Published by DelMonico Books/Institute of Contemporary Art, Miami. Edited with text by Alex Gartenfeld, Stephanie Seidel. Text by Alex Kitnick, Jennifer Jane Marshall.
Since the late 1960s, the American artist Allan McCollum (born 1944) has created works that examine the art object’s relationship to uniqueness, context and value, as well as to the museum that collects, values and preserves it. Allan McCollum: Works since 1969, which accompanies a major survey of the artist's work, brings together new scholarship, documentary material and in-depth information on McCollum’s decades-long career, adding to the broader historical and theoretical interpretation of the artist’s important practice.
McCollum’s celebrated works can be interpreted in infinite ways and have significant impact on the understanding of the role of art and material culture in society. Throughout his career the artist has explored various economies and contexts that structure collections and presentations of objects. Interested in how material artifacts become charged with meaning, McCollum understands these objects as vehicles of self-assurance and self-representation within communities.
This book traces the artist’s career through numerous illustrations, supplementary material and texts, focusing on three key components—early work, “regional projects” and the artist’s most iconic series.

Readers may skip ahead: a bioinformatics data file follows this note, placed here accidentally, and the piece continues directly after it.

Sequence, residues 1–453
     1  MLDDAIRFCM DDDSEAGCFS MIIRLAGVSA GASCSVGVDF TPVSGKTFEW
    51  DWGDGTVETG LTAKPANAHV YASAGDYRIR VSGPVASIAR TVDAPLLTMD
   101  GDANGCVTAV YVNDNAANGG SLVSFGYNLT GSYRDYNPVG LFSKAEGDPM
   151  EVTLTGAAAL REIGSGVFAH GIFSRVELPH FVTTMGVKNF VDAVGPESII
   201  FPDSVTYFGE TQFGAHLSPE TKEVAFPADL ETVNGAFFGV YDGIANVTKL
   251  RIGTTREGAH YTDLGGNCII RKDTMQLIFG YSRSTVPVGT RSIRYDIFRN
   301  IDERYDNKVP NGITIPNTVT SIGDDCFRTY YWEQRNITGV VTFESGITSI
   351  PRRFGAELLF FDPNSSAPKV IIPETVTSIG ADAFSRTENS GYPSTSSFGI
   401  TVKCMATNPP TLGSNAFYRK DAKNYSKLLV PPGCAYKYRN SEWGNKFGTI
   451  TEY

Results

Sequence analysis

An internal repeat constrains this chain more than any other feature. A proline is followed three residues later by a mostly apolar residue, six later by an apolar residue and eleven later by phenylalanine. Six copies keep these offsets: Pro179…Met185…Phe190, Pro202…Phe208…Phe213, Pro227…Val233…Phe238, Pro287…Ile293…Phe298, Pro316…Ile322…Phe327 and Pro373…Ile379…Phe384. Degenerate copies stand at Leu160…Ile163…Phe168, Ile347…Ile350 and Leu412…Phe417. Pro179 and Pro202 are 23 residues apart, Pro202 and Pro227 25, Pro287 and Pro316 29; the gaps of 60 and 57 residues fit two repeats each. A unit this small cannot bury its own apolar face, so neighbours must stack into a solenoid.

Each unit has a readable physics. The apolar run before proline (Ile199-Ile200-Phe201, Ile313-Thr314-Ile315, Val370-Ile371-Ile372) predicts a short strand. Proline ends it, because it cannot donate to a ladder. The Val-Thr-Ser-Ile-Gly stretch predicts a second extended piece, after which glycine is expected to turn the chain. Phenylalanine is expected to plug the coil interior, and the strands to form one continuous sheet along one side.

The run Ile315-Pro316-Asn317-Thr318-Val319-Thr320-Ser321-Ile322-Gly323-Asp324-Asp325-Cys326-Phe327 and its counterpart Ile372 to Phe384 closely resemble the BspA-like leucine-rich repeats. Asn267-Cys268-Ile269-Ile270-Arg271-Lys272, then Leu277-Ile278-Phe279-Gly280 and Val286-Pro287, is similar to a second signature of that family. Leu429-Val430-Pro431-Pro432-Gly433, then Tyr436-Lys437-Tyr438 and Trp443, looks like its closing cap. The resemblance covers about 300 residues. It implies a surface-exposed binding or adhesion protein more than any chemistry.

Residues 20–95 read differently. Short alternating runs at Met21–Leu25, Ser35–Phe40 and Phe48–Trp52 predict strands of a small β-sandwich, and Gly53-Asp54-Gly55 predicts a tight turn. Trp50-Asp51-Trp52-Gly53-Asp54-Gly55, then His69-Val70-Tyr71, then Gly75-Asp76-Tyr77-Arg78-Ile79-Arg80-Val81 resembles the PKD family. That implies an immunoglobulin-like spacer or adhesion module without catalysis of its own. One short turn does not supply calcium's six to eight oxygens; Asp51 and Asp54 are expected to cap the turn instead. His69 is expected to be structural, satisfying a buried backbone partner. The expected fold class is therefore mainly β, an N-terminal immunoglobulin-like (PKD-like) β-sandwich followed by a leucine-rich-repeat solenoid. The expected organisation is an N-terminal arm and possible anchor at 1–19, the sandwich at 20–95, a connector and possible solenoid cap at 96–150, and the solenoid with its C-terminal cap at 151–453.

Published by JRP|Ringier. Edited by Rhea Anastas. Text by Martha Buskirk, MaryJo Marks, Catherine Quéloz.
Since the late 1970s, Allan McCollum (born 1944) has addressed the anthropology of art: its distribution, acquisition, display and interpretation. From his first Surrogate Paintings (1978-82) to his Individual Works (1987-89) or recent Shapes Project(since 2005), through his famous series of Plaster Surrogates (begun in 1982), Perpetual Photos (since 1981) and Perfect Vehicles (since 1986), McCollum has revealed art's mechanisms as a status-generating economy. In the 1990s, his “art objects” were replaced by found objects belonging to a situated context and community, in an effort to explore local micro-politics and to develop projects with specific milieus. His use of multiples, of museums and display aesthetics as compositional elements, all stem from this displacement of context. Working with regional museums, heterogeneous audiences, and references going from paleontology to mineralogy, McCollum today has built a truly unique and intriguing body of work that receives its first comprehensive overview in this monograph.